Letters: October 2010

October 15, 2010

Pharmacists speak out about quota systems, pain management, sexism in the work place, and pharmacy tobacco sales.

Key Points

A matter of time

"Re: "Desperate measures" [Viewpoint, Sept. 2010]:

Ann Greene, RPh
NOTTINGHAM, PENN.

Two different things

To me, it is obvious that Mr. Randeria has never had any personal experience with someone in chronic pain ("Controlled substance dilemma," September 2010). The percentage of those in chronic pain who will become addicted is very low, although nearly all will become dependant and suffer withdrawal if they abruptly discontinue the drug. Dependency is not addiction, and in the chronic pain patient, rapid escalation of dose is uncommon.

While we pharmacists don't have ready access to a patient's medical records, 30+ states have controlled substance databases that we can access and we can readily isolate those who are doctor/pharmacy shoppers.

Of those who would abuse a substance, the vast majority has some unmet mental health issue. Until our society decides that it wants to invest the resources to deal with these mental health issues, these individuals will continue to find some substance to abuse.

Stephen R. Ariens, PD
NEW ALBANY, IND.

Sexism? You bet

After 25+ years in the business and finally opening an independent pharmacy of my own, I would like to say that attitudes have changed, but unfortunately, prejudices are still alive and well.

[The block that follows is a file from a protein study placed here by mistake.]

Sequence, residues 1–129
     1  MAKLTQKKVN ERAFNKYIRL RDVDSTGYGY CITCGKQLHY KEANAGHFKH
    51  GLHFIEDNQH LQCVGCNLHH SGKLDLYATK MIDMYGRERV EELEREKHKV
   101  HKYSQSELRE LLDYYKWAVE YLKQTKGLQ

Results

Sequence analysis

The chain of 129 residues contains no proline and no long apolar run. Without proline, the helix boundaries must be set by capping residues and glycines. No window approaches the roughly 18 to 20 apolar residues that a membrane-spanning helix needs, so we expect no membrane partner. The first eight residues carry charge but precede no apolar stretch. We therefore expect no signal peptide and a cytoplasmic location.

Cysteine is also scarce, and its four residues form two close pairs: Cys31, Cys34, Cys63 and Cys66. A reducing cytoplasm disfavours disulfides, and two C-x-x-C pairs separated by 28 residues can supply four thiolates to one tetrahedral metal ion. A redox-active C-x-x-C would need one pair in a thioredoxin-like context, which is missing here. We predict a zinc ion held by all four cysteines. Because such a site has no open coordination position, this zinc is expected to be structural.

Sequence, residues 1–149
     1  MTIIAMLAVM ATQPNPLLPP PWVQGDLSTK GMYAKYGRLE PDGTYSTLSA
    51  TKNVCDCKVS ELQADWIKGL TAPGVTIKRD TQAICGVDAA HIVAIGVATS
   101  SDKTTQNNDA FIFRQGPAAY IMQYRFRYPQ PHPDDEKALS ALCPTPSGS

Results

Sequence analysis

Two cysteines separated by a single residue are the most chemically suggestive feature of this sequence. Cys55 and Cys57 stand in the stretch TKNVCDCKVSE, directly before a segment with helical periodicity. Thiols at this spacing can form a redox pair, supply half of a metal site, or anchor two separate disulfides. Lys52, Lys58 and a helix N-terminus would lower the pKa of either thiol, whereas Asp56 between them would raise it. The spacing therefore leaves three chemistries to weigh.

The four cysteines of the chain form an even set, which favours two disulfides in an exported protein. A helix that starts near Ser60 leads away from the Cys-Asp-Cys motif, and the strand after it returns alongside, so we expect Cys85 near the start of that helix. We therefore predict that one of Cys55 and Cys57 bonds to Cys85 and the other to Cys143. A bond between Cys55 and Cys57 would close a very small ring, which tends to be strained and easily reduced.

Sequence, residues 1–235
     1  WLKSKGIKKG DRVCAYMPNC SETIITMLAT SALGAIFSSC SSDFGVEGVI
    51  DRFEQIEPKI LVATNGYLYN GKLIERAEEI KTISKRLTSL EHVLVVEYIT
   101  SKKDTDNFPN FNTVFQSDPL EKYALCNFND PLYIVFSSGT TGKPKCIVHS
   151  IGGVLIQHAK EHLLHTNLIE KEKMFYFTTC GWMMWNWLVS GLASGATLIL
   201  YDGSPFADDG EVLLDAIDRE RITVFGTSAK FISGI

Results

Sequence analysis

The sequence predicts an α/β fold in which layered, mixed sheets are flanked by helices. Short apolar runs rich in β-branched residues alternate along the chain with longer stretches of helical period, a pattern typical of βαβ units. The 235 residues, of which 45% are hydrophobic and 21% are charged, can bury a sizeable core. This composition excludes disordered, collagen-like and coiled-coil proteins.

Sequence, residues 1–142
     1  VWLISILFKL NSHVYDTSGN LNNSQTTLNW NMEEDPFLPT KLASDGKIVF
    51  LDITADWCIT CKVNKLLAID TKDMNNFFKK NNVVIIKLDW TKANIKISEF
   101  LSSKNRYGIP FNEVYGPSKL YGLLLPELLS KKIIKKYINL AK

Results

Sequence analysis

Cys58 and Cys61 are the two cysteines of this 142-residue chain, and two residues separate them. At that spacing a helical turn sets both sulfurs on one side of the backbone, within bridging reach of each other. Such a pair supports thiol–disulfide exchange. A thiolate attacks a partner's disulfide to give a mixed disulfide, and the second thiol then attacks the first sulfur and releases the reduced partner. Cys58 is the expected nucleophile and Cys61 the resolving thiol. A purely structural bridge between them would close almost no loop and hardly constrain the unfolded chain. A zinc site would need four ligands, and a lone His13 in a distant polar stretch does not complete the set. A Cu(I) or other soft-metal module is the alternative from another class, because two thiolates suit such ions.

The year I graduated from pharmacy school was the first year the ratio turned; our class was 51% female. When I first went to work in the Binghamton, N.Y. area, I was the first female pharmacist working in that area. Customers would constantly refuse to talk to me, indicating they wanted to talk to a "real" pharmacist. I had one customer even say, "How cute! A girl pharmacist!" I graduated with honors from the same pharmacy school as my male peers - there were no "cute" programs available.

I still work part-time for a small grocery chain that employs male and female pharmacy techs. Even though I wear a white coat and am old enough to be the mother of most of my techs, if I am working with a male tech, customers almost always assume he is the pharmacist. My only consolation is that I make a lot more money than he does, and I have earned the respect of my colleagues in the medical community and of my patients.

Kate Pellittieri, RPh
ROCHESTER, N.Y.

Clearing the air

Jim Plagakis was justified in encouraging the patient to stop smoking ("Judgment call," September 2010).

When I bought my pharmacy in 1983, the only non-healthcare item in the store was the cigarette shelf. On the first day of ownership, I sold the entire tobacco display to the first customer who walked in for $50. He was happy and I was rid of it. From that day forward my pharmacy was strictly professional healthcare.

I feel that any pharmacy/pharmacist that sells tobacco in any form is unethical.

Joseph Lugar, RPh
TERRE HAUTE, IND.